How is a total knee replacement outcome related to the following factors?
- Knee condition at the time of surgery
- Body weight (BMI)
- Mental well-being
- Overall health
A recent research tried to answer some of the above questions after studying data of patients who underwent total knee replacement surgery between 1999 and 2003. Close to 2000 patients in United Kingdom were analyzed over a 10 year period after they underwent total knee replacements.
The knee condition of patients was assessed based on a set of questions known as the Oxford Knee Score (OKS). OKS comprises of 12 questions that are used to assess pain and functional status of a knee. An OKS score of 0 indicates the worst knee condition.
So, what did this research find?
- Patients who had a worse knee condition, i.e., a low OKS score before surgery, were reported to have a lower OKS score post-surgery, than those who had a better knee condition.
So, if one waited for too long to undergo a knee replacement, he or she had lower than the satisfactory OKS score after surgery.
- Poor mental well-being was associated with poor OKS scores.
A poor mental well-being implies that the person is stressed, suffering from anxiety, depression or any other mental-health issue.
- Patients with BMI higher than 35 kg/m2, which denotes obesity, were reported to have lower OKS scores.
It is essential to maintain a healthy weight, especially after you have started experiencing knee pain. Low impact activities coupled with diet control, helps lose weight.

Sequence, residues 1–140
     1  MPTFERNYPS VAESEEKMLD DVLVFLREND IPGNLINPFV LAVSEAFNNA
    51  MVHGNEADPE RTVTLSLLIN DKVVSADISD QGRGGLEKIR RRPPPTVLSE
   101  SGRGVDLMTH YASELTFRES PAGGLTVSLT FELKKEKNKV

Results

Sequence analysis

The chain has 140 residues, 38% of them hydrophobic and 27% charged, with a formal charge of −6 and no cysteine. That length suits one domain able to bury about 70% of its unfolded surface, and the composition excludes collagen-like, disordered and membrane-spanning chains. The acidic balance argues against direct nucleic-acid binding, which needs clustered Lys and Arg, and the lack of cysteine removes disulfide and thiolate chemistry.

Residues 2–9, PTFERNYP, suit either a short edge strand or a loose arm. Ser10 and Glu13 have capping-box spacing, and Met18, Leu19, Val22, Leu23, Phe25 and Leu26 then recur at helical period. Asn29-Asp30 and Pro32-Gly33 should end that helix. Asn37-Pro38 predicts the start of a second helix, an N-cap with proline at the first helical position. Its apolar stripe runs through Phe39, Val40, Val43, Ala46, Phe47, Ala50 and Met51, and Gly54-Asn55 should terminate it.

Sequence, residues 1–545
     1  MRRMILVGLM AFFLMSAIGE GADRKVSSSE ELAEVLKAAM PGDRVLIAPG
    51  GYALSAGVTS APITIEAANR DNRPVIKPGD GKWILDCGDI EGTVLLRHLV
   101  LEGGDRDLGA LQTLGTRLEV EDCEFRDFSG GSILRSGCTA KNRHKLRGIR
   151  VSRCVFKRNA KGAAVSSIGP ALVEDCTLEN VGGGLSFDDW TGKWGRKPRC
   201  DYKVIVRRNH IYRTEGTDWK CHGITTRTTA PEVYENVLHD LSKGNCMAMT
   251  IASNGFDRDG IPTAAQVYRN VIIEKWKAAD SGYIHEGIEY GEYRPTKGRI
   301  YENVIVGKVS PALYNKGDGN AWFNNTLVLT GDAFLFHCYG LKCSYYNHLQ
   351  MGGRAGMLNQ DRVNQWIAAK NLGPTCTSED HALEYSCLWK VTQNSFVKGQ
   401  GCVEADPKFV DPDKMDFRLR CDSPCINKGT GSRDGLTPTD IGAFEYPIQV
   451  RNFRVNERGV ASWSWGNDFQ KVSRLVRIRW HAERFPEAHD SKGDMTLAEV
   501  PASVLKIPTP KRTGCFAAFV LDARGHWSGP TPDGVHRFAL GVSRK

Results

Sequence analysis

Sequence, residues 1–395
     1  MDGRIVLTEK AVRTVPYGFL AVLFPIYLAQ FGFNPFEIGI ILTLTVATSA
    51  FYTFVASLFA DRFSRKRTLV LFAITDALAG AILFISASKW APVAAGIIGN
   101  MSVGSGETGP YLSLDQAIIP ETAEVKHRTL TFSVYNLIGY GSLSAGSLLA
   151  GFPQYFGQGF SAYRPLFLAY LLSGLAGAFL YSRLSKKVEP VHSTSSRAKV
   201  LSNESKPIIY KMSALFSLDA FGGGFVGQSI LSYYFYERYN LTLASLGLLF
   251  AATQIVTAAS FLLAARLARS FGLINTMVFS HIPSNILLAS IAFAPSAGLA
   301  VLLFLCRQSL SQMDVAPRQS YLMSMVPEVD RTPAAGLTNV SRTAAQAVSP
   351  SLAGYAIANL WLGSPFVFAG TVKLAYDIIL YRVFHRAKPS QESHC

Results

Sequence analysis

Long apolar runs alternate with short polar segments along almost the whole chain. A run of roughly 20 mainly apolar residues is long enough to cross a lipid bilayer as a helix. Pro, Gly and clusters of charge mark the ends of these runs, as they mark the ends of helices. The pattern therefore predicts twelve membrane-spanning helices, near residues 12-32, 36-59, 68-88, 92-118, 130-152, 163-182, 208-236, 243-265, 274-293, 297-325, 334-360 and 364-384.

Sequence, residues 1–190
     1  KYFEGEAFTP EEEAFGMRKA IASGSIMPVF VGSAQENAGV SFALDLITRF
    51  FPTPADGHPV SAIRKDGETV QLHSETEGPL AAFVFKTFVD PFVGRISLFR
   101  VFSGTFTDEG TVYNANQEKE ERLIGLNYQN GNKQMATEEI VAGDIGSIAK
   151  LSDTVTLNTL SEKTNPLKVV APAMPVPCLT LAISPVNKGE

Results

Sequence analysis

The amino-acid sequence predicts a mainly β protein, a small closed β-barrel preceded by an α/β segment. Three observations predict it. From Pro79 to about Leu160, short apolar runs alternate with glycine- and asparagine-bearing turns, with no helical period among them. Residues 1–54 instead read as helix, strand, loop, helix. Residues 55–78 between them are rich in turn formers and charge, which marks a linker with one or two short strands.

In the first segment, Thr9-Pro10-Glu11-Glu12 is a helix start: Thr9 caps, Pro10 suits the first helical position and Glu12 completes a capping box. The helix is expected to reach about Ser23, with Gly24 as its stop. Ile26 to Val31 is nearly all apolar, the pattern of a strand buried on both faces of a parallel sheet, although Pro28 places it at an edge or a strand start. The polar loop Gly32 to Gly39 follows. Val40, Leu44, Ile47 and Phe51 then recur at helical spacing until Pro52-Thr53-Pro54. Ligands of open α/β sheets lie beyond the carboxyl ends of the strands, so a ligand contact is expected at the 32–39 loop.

- Poor outcomes were associated with patients belonging to more deprived areas.
- Patients with a history of repeated knee injuries showed poorer outcomes after a total knee replacement procedure, compared to those who did not have such history.
- Patients having underlying medical conditions (such as hypertension, diabetes, hypothyroidism, kidney dysfunction, rheumatoid arthritis, and other conditions which are collectively known as comorbidities) had relatively poorer outcomes.
- An interesting finding was that OKS scores generally improved with time, after surgery, that is, the knee condition gradually improved both in terms of function and pain, over time.
- Additionally, females who underwent the operation between 60 to 80 years of age had better outcomes. Whereas, males above the age of 60 (during surgery) showed better outcomes.1
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- Predictors of Patient-Reported Pain and Functional Outcomes Over 10 Years after Primary Total Knee Arthroplasty: A Prospective Cohort Study, The Journal of Arthroplasty, Volume 32 (1) – Jan 1, 2017
At HealthClues, we constantly try to bring you the latest in the medical research from the most reputed medical journals. Our team distils hard to understand medical research information in simpler words, so everyone can understand it. However, be aware that since most of the research is carried out in the Western and more developed countries, the results may not always apply to the Indian population. Further, any medical research may have chances of errors in measuring and reporting the findings.
Dr. Kaleem Mohammed graduated as a Bachelor of Physiotherapy in 2014 from Deccan College of Physiotherapy, affiliated to Dr. N.T.R. University of Health Sciences, Vijayawada, India. Dr. Kaleem is an expert at handling physiotherapy needs of patients suffering from orthopedic and spinal conditions and post-surgery rehabilitation. Dr. Kaleem is associated with HealthClues since its inception where he facilitates diagnosis and advanced consultation with senior doctors. He is also a medical researcher and prolific writer who loves sharing insightful commentaries and useful tips to educate the patient community about fitness, treatment options, and post-treatment recovery.